derived from the client's clock without correction to the server's derived from the client's clock without correction to the server's
clock. Corrections for different time bases between client and clock. Corrections for different time bases between client and
server are at best approximate due to network latency. server are at best approximate due to network latency.
The result of a request having both an If-Modified-Since header field
and either an If-Match or an If-Unmodified-Since header field is
undefined by this specification.
3.4. If-Unmodified-Since 3.4. If-Unmodified-Since
The "If-Unmodified-Since" header field MAY be used to make a request The "If-Unmodified-Since" header field can be used to make a request
method conditional by modification date: if the selected method conditional by modification date: if the selected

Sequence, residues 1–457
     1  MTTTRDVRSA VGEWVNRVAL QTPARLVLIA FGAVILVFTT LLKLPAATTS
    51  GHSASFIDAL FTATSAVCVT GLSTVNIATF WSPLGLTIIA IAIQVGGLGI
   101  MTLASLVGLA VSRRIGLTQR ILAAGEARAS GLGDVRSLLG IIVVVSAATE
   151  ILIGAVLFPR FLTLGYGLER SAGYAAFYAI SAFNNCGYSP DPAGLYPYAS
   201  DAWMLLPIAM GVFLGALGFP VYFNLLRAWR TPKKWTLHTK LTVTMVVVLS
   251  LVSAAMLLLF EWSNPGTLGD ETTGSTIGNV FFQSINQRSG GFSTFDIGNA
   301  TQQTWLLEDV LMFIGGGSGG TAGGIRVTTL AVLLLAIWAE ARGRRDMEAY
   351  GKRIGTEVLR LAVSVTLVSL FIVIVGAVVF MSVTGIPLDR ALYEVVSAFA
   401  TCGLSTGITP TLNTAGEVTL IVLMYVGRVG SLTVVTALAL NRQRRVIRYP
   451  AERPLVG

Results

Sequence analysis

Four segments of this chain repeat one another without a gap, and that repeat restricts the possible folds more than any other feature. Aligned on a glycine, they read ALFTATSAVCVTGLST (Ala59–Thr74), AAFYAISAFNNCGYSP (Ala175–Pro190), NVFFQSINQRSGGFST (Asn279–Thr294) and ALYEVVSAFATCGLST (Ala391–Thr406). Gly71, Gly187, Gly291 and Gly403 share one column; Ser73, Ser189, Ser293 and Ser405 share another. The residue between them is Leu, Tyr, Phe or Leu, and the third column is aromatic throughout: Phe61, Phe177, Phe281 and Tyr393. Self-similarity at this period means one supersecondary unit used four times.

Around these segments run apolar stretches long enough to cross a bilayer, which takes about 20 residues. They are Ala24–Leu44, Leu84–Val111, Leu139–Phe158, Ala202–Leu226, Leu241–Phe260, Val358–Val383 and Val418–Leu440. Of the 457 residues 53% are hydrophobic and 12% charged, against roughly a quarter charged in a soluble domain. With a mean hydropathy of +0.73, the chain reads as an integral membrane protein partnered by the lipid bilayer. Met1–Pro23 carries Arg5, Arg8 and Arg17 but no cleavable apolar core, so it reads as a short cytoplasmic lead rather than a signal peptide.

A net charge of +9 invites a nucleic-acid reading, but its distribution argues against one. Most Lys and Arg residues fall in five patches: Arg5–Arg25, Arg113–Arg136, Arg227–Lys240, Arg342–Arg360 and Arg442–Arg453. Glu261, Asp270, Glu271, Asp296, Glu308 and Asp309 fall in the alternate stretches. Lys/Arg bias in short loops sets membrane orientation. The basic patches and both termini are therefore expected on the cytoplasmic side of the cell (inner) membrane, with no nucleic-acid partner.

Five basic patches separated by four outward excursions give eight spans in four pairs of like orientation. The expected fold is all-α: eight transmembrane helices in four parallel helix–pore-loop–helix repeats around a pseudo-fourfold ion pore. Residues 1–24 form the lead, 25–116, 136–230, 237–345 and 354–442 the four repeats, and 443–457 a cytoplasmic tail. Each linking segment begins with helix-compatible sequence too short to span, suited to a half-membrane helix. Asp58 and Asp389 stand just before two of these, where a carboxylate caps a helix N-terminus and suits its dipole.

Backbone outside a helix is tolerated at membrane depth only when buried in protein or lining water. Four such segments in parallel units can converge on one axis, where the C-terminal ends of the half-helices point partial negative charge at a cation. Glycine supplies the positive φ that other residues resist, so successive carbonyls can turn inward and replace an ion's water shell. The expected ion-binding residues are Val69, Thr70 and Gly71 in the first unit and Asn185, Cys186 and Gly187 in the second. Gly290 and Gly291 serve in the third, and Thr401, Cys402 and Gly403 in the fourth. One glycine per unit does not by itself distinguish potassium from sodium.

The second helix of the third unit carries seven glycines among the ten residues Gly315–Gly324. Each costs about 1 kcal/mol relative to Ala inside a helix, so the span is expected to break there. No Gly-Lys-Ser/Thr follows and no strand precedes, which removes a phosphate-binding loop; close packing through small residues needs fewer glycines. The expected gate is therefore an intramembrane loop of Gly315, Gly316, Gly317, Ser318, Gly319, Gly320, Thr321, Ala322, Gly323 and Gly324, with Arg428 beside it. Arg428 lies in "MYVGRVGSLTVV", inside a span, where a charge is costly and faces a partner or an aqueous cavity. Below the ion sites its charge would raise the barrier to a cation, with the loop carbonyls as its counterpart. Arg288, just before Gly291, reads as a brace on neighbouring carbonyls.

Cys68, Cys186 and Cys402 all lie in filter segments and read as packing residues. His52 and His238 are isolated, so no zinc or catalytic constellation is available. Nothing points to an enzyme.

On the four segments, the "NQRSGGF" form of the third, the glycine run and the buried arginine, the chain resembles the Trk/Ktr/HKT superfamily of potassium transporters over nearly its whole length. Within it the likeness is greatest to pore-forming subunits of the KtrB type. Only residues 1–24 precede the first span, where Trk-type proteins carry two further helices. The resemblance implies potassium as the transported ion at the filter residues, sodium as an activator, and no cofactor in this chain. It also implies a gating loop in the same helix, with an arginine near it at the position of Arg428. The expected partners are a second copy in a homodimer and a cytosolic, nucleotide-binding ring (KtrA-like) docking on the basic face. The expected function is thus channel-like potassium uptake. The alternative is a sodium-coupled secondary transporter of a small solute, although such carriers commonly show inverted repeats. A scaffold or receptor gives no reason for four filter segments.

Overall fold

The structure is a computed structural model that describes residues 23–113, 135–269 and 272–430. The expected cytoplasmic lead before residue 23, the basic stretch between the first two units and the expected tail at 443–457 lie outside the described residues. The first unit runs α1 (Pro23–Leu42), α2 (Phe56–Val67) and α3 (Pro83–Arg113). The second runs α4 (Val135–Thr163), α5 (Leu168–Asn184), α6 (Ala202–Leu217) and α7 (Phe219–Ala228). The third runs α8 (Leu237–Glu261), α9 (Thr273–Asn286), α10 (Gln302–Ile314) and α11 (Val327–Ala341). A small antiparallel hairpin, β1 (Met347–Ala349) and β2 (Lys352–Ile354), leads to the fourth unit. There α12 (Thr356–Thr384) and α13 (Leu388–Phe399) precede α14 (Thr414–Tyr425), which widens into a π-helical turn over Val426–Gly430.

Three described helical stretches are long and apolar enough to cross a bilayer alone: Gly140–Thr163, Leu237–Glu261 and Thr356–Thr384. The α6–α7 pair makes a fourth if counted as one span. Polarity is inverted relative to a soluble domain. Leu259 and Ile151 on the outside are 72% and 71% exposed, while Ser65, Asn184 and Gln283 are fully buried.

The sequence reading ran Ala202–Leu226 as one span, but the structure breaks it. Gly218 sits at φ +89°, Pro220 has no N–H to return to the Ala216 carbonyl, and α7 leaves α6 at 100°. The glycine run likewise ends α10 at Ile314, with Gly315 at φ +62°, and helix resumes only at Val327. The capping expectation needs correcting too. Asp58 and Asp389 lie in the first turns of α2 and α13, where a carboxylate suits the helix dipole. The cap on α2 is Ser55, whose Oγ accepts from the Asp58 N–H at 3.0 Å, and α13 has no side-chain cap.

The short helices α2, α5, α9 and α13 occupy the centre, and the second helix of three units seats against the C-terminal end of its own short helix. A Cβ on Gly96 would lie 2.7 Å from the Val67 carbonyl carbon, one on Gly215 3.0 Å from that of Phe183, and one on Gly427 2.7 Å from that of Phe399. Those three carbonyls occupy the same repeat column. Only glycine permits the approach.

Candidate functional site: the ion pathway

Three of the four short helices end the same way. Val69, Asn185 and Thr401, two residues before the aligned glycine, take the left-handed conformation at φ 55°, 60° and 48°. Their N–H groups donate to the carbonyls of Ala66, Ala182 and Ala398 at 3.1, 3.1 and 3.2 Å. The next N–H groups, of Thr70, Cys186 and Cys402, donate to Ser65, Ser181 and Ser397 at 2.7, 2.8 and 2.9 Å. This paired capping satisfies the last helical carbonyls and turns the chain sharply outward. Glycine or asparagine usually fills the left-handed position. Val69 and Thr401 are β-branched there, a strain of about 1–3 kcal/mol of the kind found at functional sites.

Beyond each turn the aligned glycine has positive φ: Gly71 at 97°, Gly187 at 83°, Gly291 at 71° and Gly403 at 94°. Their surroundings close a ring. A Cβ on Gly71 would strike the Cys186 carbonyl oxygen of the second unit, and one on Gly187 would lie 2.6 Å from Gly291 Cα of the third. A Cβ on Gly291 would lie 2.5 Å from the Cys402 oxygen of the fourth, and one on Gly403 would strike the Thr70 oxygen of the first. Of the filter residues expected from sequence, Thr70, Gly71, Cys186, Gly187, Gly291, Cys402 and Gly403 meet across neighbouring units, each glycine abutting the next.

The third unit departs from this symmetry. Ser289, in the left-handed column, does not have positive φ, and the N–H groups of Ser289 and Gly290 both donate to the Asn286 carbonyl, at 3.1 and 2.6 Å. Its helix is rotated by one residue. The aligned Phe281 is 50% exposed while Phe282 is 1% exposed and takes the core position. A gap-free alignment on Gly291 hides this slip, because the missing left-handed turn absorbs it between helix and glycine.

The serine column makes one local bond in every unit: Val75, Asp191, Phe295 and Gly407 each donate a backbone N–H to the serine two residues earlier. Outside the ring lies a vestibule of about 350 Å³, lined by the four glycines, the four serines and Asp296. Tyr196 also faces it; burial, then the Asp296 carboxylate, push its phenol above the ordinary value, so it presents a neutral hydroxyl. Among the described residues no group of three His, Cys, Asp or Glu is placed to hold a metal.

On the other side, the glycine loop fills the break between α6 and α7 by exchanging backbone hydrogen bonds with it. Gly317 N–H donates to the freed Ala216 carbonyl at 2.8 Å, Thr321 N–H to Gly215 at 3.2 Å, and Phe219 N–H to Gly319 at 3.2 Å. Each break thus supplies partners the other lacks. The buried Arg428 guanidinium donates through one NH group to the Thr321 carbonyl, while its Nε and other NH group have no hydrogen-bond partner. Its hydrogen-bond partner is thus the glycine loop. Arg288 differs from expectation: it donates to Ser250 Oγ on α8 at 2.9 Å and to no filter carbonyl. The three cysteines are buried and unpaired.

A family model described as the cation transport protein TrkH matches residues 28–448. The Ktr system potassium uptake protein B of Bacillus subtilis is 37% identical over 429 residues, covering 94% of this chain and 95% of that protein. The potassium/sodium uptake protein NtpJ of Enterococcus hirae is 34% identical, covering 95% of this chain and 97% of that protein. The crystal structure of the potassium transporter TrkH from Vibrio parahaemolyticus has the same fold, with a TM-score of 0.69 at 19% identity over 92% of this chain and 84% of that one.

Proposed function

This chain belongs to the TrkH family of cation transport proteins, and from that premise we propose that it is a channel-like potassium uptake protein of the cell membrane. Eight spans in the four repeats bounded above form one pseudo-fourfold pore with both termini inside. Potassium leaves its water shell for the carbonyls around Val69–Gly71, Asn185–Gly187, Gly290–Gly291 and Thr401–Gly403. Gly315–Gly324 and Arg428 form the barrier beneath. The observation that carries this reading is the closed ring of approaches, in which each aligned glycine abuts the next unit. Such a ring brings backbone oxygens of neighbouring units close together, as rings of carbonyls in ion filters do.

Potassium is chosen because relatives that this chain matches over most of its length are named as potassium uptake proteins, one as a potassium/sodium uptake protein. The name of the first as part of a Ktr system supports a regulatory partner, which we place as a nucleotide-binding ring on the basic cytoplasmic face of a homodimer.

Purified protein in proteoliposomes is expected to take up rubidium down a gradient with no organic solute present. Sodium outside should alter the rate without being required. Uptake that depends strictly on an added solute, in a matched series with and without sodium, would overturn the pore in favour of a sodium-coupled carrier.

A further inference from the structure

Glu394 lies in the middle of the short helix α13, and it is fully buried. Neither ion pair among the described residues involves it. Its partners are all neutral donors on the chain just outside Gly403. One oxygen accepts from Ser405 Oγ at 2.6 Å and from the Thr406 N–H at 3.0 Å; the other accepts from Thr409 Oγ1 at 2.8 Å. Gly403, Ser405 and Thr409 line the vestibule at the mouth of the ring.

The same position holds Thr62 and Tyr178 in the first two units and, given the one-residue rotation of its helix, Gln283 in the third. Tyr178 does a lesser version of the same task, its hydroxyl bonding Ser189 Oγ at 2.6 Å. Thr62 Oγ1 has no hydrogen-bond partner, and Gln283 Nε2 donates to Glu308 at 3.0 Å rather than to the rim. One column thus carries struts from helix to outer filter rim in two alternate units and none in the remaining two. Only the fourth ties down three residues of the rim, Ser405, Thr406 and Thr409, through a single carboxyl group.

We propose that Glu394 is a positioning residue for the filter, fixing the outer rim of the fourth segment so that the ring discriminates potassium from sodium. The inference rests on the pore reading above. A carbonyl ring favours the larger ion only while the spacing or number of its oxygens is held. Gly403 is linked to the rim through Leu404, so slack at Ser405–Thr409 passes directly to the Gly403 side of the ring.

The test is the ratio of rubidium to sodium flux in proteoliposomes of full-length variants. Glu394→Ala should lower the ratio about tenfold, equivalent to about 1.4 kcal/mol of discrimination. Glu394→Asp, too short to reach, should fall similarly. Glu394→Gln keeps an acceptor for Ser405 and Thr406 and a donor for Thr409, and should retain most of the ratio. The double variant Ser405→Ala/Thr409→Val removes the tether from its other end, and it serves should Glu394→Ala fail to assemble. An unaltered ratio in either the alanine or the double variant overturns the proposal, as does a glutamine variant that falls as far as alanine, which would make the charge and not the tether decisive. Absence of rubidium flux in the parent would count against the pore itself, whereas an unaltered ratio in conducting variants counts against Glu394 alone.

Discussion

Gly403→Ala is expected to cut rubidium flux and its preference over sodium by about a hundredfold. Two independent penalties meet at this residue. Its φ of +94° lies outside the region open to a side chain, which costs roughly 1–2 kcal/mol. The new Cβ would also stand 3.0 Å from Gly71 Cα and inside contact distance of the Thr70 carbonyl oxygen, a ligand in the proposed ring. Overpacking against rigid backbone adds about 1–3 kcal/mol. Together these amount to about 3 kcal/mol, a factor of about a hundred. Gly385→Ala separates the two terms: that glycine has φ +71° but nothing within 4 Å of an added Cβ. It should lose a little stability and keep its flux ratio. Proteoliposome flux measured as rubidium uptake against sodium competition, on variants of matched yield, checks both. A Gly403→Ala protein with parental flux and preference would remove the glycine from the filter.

representation has been modified since the time specified in this representation has been modified since the time specified in this
field, then the server MUST NOT perform the requested operation and field, then the server MUST NOT perform the requested operation and
MUST instead respond with the 412 (Precondition Failed) status code. MUST instead respond with the 412 (Precondition Failed) status code.
If the selected representation has not been modified since the time If the selected representation has not been modified since the time
specified in this field, the server SHOULD perform the request method specified in this field, the server SHOULD perform the request method
as if the If-Unmodified-Since header field were not present. as if the If-Unmodified-Since header field were not present.
If-Unmodified-Since = HTTP-date If-Unmodified-Since = HTTP-date
An example of the field is: An example of the field is:
If-Unmodified-Since: Sat, 29 Oct 1994 19:43:31 GMT If-Unmodified-Since: Sat, 29 Oct 1994 19:43:31 GMT
If the request normally (i.e., without the If-Unmodified-Since header If a request normally (i.e., in absence of the If-Unmodified-Since
field) would result in anything other than a 2xx or 412 status code, header field) would result in anything other than a 2xx (Successful)